Leading Museums, Museum Leaders

Seals, sharks and shipwrecks

Team members swimming past the bow section of the Lady Darling. Image: ANMM.

Kieran Hosty, Manager of Maritime Archaeology, Seals, sharks and shipwrecks: 3D mapping the Lady Darling shipwreck, Australian National Maritime Museum Blog, 23 August 2016

New South Wales hosts a wide variety of historic shipwreck sites. These range from large, fully exposed and intact hulls to smaller, largely disarticulated, dispersed, and buried structural components and artefacts. The environments in which these sites exist also differ significantly in terms of seabed composition, water depth and water clarity.

Many historic shipwrecks in New South Wales waters are located at depths near or in excess of 20 metres (66 feet) and are characterised by moderate-to-low visibility conditions. These attributes in turn often negatively influence working conditions, particularly the amount of time available to execute an adequately comprehensive documentation program.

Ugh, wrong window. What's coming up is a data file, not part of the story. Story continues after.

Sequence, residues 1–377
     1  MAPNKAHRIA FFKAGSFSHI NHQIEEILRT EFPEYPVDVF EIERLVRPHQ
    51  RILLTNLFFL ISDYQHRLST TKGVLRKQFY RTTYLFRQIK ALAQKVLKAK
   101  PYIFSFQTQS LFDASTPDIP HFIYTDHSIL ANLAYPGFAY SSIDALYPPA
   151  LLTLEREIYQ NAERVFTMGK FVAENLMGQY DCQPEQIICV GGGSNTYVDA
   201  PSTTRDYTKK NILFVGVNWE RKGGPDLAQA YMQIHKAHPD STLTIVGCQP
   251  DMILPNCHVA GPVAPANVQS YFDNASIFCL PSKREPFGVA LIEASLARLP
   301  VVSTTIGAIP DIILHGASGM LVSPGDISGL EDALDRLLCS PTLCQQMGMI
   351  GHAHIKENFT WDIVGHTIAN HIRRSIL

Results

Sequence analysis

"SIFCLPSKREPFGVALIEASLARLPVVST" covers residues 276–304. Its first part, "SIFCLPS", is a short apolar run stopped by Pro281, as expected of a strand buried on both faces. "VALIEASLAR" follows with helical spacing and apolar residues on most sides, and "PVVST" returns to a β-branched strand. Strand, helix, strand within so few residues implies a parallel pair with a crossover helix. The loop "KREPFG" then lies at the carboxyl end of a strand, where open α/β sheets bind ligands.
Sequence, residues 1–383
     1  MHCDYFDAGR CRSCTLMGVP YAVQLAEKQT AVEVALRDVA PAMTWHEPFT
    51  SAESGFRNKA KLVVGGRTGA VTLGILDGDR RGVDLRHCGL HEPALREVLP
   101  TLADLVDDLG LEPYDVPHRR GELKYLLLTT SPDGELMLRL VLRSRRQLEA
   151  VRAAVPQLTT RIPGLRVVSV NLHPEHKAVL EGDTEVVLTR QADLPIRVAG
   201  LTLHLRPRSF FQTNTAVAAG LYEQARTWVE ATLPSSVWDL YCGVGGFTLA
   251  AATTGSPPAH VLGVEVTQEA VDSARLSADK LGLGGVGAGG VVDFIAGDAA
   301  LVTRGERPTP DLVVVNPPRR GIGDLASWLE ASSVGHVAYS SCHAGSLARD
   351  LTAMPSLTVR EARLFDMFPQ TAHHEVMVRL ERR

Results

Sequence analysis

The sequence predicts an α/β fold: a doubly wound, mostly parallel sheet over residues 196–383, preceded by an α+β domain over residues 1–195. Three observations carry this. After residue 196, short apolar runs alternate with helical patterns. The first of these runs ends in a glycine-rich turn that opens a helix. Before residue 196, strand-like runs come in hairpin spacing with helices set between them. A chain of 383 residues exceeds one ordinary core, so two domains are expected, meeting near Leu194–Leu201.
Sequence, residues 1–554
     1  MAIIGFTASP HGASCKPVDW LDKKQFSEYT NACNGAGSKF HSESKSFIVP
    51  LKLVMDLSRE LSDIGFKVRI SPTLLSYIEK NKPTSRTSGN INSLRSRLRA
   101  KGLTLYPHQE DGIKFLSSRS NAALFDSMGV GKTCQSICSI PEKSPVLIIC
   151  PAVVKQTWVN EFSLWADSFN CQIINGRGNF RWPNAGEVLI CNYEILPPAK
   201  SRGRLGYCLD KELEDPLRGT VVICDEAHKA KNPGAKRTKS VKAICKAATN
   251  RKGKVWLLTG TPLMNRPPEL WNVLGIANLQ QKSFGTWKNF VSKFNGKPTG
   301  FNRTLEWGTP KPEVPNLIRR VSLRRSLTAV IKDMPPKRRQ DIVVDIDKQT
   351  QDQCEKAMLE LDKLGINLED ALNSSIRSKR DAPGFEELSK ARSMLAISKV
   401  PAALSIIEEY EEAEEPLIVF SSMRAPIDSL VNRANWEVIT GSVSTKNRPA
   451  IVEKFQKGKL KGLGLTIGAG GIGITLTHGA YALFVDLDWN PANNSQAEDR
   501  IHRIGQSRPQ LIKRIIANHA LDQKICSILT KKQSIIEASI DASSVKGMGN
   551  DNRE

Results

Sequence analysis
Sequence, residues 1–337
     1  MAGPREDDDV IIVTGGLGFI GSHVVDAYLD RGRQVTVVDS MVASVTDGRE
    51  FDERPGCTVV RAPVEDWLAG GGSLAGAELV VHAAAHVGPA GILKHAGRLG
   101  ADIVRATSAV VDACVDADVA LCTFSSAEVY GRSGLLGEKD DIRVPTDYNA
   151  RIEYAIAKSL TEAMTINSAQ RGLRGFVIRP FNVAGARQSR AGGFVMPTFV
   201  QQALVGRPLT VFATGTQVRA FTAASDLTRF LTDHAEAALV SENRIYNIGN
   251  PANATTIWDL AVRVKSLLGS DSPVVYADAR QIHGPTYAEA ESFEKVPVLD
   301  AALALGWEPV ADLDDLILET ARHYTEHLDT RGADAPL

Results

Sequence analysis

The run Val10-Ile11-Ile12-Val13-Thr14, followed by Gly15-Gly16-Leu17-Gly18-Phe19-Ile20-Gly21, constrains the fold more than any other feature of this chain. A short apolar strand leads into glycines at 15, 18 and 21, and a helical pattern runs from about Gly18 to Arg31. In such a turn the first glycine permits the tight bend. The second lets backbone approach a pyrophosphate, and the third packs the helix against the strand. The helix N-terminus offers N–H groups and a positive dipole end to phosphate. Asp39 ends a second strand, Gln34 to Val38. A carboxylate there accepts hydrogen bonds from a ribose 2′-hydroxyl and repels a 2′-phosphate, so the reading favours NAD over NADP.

As Dr James Hunter recently discussed in his blog Meanderings in the Murk: Diving on the wreck of the Centennialthe use of 3D mapping software such as AgiSoft Photoscan and small compact underwater digital cameras such as the GoPro to document and analyse submerged archaeological sites is an emerging field of research in maritime archaeology.

Although digital photogrammetry has rapidly evolved into a relatively inexpensive and efficient means of documenting submerged shipwreck sites, it is still fraught with issues and in-water survey methods still need significant refinement in order to produce the most time and cost efficient results. In an effort to test the efficiency of these methods as a mapping tool maritime archaeologists at the museum’s Maritime Archaeology Research Centre (MARC) and the Silentworld Foundation have selected five shipwrecks in New South Wales waters with diverse site and environmental profiles.

These include the composite-hulled sailing ship Centurion (1887), the paddle steamer Herald (1884), the screw steamship Royal Shepherd (1890), the iron-hulled steamship Centennial (1889) and the iron-hulled steamship SS Lady Darling, which was wrecked south of Montague Island off Narooma, New South Wales, in 1880.

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Council of Australasian Museum Directors c/o Mr Brian Oldman, South Australian Museum PO Box 234 Adelaide, South Australia 5001 Australia, © CAMD 2022
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